Count Magnus de la Gardie has lest all his troops with the king, having taken none but his regiment of dragoons back with him, without which reinforcement his majesty's army was very weak, since the same was very much lessened by desertion and sickness, so that the regiments, which before were 6 or 700 men strong, could hardly march 300 at present.
His majesty of Sweden would stay at Thorn, but prince Adolph was march'd with most part of the cavalry to Warsaw.
The emperor's embassador (who has not been able these four weeks past to obtain an audience of his majesty) was fetch'd up from Elbing to Thorn under an escort of 300 horse, where the Turkish envoy was likewise come back.
Mr. Rolt the English envoy took his leave of the king last saturday three weeks: the said merchant left him at Dantzick, and thinks he will be here within 10 or 12 days: the same had made himself very much beloved at the court of his majesty, and received great honours and favours from the king.
As to the report of the count of Waldeck's having left the elector with great discontent, and set out for England, it appears to be a great untruth, raised by some body that has no great affection for him; however what I mentioned of it before, was certainly reported here at court and believed for truth, it being likewise publickly printed in the news papers of the 22d of January. The said merchant has seen, that the said count acquainted the king with the arrival of the elector, and received of him great and distinguishing honours, receiving as a present a diamond ring, which the king himself was used to wear valued at 14000 guilders.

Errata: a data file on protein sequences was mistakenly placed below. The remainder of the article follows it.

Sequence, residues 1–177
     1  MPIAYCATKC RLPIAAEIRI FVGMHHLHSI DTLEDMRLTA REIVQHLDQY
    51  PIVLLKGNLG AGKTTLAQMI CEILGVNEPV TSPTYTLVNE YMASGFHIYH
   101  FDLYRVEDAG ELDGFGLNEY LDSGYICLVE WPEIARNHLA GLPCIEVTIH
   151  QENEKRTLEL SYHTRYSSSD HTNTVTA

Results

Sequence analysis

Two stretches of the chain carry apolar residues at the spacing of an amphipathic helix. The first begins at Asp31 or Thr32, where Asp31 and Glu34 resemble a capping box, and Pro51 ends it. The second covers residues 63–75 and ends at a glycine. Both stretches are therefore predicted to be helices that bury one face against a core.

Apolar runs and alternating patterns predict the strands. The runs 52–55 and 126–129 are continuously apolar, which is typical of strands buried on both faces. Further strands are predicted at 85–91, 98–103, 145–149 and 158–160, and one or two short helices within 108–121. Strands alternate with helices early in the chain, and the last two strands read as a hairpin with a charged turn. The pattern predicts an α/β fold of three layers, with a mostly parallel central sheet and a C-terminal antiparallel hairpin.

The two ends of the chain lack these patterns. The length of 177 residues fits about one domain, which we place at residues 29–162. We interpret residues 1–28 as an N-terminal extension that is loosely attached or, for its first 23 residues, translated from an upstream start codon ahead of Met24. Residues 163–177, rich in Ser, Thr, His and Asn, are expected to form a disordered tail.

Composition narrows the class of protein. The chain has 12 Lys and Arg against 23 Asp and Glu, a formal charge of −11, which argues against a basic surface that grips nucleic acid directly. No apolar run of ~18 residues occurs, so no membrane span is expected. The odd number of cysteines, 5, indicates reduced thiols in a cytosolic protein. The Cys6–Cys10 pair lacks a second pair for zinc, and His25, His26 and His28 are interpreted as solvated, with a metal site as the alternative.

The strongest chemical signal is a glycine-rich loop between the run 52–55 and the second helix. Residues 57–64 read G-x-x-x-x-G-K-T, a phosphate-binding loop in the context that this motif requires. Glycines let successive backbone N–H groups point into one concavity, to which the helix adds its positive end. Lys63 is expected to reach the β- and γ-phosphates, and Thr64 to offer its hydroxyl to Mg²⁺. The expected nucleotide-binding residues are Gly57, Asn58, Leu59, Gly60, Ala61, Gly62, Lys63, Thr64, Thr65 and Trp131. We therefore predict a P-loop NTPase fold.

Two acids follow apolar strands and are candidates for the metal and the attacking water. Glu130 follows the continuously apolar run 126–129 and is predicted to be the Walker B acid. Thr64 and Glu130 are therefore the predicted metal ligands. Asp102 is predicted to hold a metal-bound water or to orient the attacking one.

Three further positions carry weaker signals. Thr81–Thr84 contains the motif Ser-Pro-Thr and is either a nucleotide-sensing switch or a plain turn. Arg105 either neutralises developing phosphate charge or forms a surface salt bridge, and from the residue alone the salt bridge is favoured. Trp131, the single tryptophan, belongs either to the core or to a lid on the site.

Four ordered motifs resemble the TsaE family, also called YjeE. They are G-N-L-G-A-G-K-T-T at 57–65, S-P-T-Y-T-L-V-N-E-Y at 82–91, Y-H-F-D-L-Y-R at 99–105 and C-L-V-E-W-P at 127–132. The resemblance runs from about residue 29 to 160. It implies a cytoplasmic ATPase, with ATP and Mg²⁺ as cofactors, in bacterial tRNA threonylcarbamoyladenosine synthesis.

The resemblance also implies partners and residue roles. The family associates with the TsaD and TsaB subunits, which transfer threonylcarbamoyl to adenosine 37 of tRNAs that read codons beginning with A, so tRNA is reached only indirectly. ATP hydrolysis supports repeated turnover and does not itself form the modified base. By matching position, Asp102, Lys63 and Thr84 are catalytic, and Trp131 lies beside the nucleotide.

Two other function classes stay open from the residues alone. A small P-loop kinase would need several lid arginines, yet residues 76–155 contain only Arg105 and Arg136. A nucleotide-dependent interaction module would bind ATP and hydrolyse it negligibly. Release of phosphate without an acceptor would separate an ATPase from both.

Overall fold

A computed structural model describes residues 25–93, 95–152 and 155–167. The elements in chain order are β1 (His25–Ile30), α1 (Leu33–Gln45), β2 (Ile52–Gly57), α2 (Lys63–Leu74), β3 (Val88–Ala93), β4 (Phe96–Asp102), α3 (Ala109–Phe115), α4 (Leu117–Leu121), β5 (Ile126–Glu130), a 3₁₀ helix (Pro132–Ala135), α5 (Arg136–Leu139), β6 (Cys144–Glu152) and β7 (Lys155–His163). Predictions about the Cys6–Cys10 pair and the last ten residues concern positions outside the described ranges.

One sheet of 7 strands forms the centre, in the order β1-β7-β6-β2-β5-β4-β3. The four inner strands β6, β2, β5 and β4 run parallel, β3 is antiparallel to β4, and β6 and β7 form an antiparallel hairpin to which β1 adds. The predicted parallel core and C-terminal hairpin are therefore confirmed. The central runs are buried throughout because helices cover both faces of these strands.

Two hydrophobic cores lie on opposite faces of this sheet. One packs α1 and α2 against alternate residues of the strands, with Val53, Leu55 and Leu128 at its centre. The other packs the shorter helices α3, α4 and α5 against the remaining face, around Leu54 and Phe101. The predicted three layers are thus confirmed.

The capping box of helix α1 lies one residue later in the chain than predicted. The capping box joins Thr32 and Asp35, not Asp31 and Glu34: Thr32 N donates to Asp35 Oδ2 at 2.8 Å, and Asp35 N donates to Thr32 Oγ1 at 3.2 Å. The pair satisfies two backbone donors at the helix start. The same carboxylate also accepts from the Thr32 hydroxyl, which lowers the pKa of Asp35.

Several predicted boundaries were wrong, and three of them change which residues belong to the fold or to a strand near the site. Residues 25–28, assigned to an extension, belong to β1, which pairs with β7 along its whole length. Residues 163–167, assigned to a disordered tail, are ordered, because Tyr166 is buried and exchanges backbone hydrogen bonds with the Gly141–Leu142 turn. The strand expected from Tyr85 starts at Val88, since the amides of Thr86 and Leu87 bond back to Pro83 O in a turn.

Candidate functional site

Count Stirum (whose regiment by desertion and ill management is at present not above 150 troopers strong) has demanded his dimission of the king, and obtained the same immediately, being willing to withdraw from the army: how advantageous this affair will be to him is easily to be judged.
It is thought that count Dona will be appointed governor of Elbing, because Vander Linde (in the room of count Steinbock) will be made general of the artillery, and the count field marshal.
Of the taking of Cracow they had no news in the Swedish camp: the letters this day arrived mention nothing further of it, but that the king of Poland with a great army is hovering about the frontiers of this kingdom, and doth still continue; and it is thought that his majesty as much as possibly can be got together with a great army will march next spring against the said king: for which purpose it is said, count Magnus has received orders to raise 14000 recruits, and that count Leuwenhaupt shall be employed for the said recruiteering.
Further the said merchant cannot speak enough how unprovided and destitute of money every one is in the Swedish camp from the lowest to the highest officers; they are all equally bare and needy, more than can be imagined.
Count Wrangel intends to set out from here next thursday with the troops of count Waldeck, which the day before or on the same day are to pass through here.
They say, that the emperor having made over to the king of Poland all his new raised troops, still continues to raise more. I am &c.